March 19, 2004  
Volume 97, Issue 89  

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Universities attack poor gov’t spending

By Anton Vidgen
Gazette Staff

A report criticizing the previous Ontario government of short-changing post-secondary education comes on the heels of a separate advertising campaign launched by a university lobby group to convince Ontarians of the need for more public funding of the public institutions.

The Ontario Confederation of University Faculty Associations released a report yesterday blaming the Conservative governments of former premiers Mike Harris and Ernie Eves for the decline of quality, opportunity and accessibility of Ontario universities.

“We know that Ontario universities rank 10th — and dead last — in per capita funding,” said Michael Doucet, the report’s author and a geography professor at Ryerson University.

The report was based on the aggregate drop of Ontario institutions as reflected in the annual Maclean’s rankings, he said. Though he admitted the rankings were slightly flawed, Doucet said they do give a relatively accurate representation of the overall state of the province’s post-secondary education system.

Doucet said he hopes the report will spur the current Liberal government into raising Ontario’s funding status to at least that of the Canadian average. “I would like to see us moving quite smartly towards that goal within this government’s mandate,” he said. “At this juncture, I remain positive on the basis of the promises [Premier Dalton McGuinty] made to the electorate.”

A $500,000 public awareness campaign organized by the Council of Ontario Universities has been running radio and newspaper advertisements since last Thursday to show the desperate situation universities find themselves in, said COU President Ian Clark.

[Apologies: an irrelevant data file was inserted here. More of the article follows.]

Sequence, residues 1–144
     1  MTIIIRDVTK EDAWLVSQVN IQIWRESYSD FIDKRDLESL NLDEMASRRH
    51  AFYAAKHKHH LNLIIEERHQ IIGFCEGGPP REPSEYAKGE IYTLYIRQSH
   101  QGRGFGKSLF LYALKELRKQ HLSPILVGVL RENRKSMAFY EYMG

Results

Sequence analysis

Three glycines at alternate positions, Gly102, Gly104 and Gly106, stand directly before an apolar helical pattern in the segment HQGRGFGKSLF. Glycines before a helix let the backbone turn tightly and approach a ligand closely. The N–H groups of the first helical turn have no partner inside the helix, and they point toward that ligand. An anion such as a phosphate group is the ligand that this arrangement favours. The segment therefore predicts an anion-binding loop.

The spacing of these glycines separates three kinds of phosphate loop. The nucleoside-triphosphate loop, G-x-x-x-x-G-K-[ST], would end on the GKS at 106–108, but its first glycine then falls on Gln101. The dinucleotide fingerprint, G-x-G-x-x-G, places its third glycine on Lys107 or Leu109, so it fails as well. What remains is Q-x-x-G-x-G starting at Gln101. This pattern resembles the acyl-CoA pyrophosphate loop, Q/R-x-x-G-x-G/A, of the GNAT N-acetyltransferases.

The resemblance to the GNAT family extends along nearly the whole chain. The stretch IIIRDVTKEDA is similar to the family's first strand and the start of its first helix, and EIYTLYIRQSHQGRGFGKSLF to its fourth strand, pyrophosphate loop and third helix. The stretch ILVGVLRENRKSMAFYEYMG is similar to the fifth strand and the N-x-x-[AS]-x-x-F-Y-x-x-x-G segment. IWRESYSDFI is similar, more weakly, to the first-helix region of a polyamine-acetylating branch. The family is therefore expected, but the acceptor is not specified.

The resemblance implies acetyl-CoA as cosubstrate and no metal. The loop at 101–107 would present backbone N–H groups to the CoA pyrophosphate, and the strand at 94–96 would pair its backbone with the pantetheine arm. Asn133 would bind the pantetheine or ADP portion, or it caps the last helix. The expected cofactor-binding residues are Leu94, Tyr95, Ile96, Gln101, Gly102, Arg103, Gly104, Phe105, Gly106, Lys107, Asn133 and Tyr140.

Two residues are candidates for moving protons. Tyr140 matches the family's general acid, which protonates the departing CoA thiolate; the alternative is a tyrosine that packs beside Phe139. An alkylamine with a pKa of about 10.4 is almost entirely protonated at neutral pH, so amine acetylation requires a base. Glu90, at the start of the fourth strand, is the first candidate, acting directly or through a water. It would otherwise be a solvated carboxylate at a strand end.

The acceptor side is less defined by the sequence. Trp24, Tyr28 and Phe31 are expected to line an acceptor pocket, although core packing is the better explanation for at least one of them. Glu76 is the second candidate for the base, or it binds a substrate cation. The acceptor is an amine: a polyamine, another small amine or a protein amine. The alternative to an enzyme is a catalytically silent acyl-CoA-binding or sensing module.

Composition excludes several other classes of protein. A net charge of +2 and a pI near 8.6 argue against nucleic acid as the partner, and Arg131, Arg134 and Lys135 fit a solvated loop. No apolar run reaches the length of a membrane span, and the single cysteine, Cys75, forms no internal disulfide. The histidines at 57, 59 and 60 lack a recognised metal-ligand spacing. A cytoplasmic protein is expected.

In arguing for more funding to improve Ontario’s national and international standing, Clark said that financing quality — which he defined as a low faculty-student ratio, a wide array of courses and other indicators — must not compromise accessibility. “We’re not recognizing a trade-off. We’re committed to accessibility,” he said.

The campaign comes as the Ontario government prepares to hold province-wide budget consultations. The timing is not coincidental, Clark said, adding he hopes the public will support COU in demanding more university funding.

But Benjamin Singer, a Western professor emeritus of sociology, said the claims for additional funding need to be better justified. “To ask for the taxpayers to dig into their pockets for more money, there should [be] certainty that the money is going to be spent in a rational way,” he said. “That does not include expanding the course offerings to include more courses that are thin in academic merit.”

Singer also said that some faculty members reap unjustifiably high salaries, especially in the social sciences. Faculty salaries are typically one of the largest components of a university’s budget. “That could be spent on students’ needs instead,” he said.

As for the awareness campaign, Singer added that the public needs to be fully informed of the fiscal policies of universities. “Overall, it’s great to have more money for universities,” he said, but added the amounts and allocations need to be examined more closely.

The fact that COU is taking the lead is a heartening change from individual university-driven campaigns, said Dave Ford, University Students’ Council VP-education. “The unity is welcome,” he said. “It can only make the case stronger.”



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